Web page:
As I read the article I felt like all the mysteries in my life was solved in the matter of minutes. It made a huge impact on me. Of course, later I've understood that it's one thing to realize something about yourself, and quite another finding everyday strategies to cope with it. But at that time I felt understood, relieved and like I for the first time in my life belonged to something.

The article described the strengths of being highly sensitive, how the smallest of things can make us feel incredibly happy and blessed, and how skilled we are in feeling other peoples needs. Instead of feeling frustrated with my way of being, I felt proud of my sensitivity. 

This happened at a time in my life when my friends where out partying a lot, and I was juggling full time studies with working at a busy café and applying to art school on the side. I was also in a quite serious relationship, and my time alone was limited to perhaps 2 nights a week. I experienced severe mood swings and often came home after a party feeling sad and empty, crying into my pillows. I was often sick with this and that, and never felt quite well.

 
"I thought I had bi-polar disorder, or chronic fatigue syndrome, or hypochondria."
 

I couldn't for my life understand why I reacted in such a contradictory way to things I loved (such as being with my boyfriend at the time or seeing my friends). After a weekend at my boyfriend's parent's house, I remember having a breakdown and saying to him that "I think I'm depressed". When really, I was just overwhelmed by the nonstop social interactions.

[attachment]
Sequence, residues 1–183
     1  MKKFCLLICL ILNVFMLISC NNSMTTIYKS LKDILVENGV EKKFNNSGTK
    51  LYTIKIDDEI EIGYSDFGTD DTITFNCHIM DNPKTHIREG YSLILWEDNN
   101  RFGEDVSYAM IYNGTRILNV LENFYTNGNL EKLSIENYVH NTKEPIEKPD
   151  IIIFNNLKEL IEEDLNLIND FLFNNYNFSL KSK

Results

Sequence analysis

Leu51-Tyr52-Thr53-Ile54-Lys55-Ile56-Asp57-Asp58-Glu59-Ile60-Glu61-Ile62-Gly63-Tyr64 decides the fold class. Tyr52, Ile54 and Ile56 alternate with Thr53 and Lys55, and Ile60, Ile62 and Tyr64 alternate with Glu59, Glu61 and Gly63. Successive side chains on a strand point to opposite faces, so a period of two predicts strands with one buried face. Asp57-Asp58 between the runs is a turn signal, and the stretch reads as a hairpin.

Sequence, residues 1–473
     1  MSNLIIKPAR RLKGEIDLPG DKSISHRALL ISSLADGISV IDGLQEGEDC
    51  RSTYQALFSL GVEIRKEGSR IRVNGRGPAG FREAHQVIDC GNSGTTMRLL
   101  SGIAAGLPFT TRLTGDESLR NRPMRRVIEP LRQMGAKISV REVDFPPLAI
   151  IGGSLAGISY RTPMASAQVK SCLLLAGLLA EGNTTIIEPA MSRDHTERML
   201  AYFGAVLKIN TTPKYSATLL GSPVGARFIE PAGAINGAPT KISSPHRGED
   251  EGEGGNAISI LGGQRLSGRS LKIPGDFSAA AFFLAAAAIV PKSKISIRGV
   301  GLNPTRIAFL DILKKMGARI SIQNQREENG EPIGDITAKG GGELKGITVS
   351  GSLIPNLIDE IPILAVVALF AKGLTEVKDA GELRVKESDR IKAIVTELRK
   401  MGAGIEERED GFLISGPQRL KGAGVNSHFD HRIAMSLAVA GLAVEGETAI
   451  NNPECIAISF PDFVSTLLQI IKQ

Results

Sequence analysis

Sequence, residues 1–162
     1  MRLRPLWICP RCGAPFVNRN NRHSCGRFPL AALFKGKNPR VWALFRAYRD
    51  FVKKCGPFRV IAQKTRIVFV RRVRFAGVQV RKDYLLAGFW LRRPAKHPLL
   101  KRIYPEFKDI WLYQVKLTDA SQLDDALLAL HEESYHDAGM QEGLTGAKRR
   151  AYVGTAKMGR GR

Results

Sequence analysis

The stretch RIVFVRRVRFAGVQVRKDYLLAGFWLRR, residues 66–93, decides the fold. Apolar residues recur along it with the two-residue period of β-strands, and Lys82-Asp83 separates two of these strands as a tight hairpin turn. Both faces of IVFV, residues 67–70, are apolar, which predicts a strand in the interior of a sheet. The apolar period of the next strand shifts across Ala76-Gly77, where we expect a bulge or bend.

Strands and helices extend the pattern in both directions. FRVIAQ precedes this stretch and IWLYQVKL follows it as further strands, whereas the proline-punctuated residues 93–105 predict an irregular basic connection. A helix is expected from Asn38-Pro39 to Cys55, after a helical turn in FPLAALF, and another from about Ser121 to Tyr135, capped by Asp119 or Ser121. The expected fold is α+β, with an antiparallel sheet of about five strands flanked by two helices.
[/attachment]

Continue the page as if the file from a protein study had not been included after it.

I identified strongly with the HSP trait as soon as I found out about it. I started to cherish my time alone and make space for it in my schedule. I quit the café job and took a job at the reception desk in a quiet art gallery instead. Even though it took me many years to truly understand the extent of my sensitivity, and how to work with it, just knowing about the trait made me feel calmer and less anxious about my strong emotional reactions. 

What are you struggling with the most about your sensitivity?

Living in a close relationship with another person is a great challenge to me right now. I struggle to describe my sensitivity in a way that doesn't make the other person feel unwanted.

And I struggle to make my need of alone time into a non-negotiable. It is so easy, wanting to conform into the mainstream expectations of what a romantic relationship should look like. It is also very hard to say no to your partner. Whether it's about spending a whole weekend doing activities together, visiting family members or traveling.

I am proud about my sensitivity and I don't feel ashamed or like I don't fit in anymore. But I struggle to make it work practically in the everyday life with my partner, who btw is a much more extroverted person than I am. 

Is there some challenge related to your sensitivity that you have overcome, and how did you do that?